Poor Mexico, so far from God and so close to the United States.
Maracas de Mexico! Ole!
I'm not a great fan of beaches, but I am a fan of art history.
I'm far too restless to partake in beach culture for a serious amount of time- one, two days max. So when I decided to visit Mexico a few summers ago, I went straight to the Yucatan to see the ruins.
It wasn't a long trip and I spent half of it with my friend Stephanie who would have loved nothing more than to lay on the beach, drink margaritas and look at hot Italian men frolicking in the waves for a few more days. But she was a good sport and came to a Chichenitza with me and I continued on on my own after that to, you guessed it, even more ruins.
I had a good time despite breaking out in a full body rash, which apparently was an allergic reaction to some sort of bacteria whipped up from the bottom of the ocean by the most recent hurricane. Who would have known I was allergic to something at the bottom of the Caribbean Sea?!??
Near the end of my trip I met a Mayan Indian Contemporary art gallery owner in a park and we talked about the portrayal of Mayan Civilization in society. He was of the mind that tourism was destroying Mexico and Mayan culture. I was of the mind Mexico was exploiting its own culture to attract tourists. I don't think either of us were wrong. The Mayans aren't dead, by the way. They are alive and well in the Yucatan. What did alarm me was the restoration of a lot of the ruins were obviously not restorations but renovations and reinventions to attract tourism. Keep it real, Mexico!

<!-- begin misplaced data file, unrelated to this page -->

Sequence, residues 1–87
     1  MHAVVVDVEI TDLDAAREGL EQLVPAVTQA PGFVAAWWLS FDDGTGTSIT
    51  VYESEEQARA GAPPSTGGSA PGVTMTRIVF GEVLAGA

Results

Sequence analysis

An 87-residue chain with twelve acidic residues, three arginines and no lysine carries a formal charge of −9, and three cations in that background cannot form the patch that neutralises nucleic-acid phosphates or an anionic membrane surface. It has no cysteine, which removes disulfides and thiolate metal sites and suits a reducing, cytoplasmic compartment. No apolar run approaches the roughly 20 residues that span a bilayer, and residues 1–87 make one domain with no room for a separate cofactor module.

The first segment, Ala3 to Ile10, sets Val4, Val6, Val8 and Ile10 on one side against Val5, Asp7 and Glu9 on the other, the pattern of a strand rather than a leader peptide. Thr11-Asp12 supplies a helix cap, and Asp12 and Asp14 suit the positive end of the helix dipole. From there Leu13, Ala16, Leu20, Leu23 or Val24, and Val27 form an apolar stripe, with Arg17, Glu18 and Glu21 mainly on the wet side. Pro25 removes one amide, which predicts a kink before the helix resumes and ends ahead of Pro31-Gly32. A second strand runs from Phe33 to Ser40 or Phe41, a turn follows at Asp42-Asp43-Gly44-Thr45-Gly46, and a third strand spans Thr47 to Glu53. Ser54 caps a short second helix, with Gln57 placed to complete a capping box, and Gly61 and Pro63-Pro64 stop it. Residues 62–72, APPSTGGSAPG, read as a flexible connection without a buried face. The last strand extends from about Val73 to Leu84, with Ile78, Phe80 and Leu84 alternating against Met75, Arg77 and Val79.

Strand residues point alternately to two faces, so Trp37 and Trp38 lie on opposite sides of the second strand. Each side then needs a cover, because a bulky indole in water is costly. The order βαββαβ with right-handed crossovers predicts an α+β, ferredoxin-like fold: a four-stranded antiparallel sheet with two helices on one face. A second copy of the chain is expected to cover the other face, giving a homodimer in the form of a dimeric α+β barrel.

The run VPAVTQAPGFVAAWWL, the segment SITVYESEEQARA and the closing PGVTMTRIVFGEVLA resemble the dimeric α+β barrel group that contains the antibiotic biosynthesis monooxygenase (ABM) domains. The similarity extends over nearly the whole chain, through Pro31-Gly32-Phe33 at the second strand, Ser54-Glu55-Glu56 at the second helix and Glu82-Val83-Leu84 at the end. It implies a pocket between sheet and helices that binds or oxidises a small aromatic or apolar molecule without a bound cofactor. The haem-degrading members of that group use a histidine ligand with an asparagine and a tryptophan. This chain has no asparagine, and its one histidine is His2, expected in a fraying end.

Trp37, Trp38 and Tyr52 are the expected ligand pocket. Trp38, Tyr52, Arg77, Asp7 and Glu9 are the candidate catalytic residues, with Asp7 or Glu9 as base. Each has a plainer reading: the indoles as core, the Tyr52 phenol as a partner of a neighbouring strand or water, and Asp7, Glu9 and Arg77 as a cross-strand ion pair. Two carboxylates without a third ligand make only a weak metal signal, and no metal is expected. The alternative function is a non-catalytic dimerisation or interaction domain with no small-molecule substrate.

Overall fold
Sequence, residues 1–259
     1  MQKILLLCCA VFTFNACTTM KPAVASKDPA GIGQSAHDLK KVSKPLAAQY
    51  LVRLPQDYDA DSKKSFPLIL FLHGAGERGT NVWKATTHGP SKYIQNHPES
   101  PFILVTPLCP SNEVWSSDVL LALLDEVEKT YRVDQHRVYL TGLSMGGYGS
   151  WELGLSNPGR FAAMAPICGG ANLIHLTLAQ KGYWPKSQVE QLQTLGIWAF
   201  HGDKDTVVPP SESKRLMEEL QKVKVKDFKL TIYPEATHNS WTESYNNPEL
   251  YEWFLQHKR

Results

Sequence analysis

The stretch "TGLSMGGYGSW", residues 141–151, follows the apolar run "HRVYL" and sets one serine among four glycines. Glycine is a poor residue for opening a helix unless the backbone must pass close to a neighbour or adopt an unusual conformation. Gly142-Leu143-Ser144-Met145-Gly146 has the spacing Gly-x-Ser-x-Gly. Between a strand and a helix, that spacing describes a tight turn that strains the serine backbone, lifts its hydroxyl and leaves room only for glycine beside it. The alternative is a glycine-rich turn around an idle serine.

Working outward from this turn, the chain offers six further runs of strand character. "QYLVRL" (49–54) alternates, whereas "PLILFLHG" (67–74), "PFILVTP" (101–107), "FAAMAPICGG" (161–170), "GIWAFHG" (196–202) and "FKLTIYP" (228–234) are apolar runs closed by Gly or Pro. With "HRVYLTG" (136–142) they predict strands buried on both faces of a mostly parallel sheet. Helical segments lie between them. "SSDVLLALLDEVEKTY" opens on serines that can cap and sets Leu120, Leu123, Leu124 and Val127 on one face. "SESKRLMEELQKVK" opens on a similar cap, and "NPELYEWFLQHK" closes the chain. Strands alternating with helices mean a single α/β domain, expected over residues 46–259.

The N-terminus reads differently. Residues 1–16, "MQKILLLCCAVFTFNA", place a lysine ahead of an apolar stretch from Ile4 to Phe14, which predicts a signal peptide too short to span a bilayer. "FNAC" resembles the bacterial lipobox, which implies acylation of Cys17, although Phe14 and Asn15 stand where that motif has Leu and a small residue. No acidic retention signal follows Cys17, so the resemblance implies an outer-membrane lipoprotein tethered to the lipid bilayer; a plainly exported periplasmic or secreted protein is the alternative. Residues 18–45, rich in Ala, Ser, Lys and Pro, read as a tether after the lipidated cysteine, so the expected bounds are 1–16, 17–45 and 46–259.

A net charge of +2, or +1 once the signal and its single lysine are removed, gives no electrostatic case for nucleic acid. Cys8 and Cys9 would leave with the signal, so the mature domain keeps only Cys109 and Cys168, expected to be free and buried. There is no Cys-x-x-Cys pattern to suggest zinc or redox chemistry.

For instance- Check out this complex (Ek Balam) under restoration. See the trees growing out of it on the right? The clump of temple that has yet to be restored there in the bush? Roots destroy buildings pretty quickly.
Yet The restoration on the same building shows figures so detailed, there are even full sets of fingers. there is no way this relief could have survived this intact in the jungle of the Yucatan.
Thanks Mexicans, for being patient with my rusty Espanol and thanks Steph, for putting up with my Indiana Jones-ing! Next time I have the opportunity to visit Mexico, I would like to check out Oaxaca. A few faves from my mini trip to Mexico:
Rusty boats on the way out for a day of snorkelling.
Out for a stroll in Valladolid.
Mexican dippers in a cave outside Valladolid.
The water was icy cold, such a surprise for mid-summer Mexico!
I climbed to the top, But Steph was afraid of heights and stayed at the bottom. I admit, it was steeper than it looked! But the view from the top was pretty cool.
Strolling in Merida! I love big churches.
Sadly, this one was locked the whole time I was there and I never got a peek in.
Merida man giving my leather shoes the once over. I took a great video of him and his old friends chatting with me in Spanish and accidentally deleted it! I'll just have to go back, find him shining shoes in the town square in Merida and take another one.
Uxmal. I love the shape of this pyramid. Round and massive.
Does this give you an idea of how round and massive this structure is?
Iguana hanging out on a carved wall.
The beach in Tulum. This was a Sunday afternoon and I got the impression these people were having a church picnic on the beach.
Steph and I on the beach. She's really not that much taller than me! As I type this, my thoughts are with Stephanie as she is most likely in labour giving birth to a baby boy here in Canada, far far from Mexico, beer, beaches and Italian boys.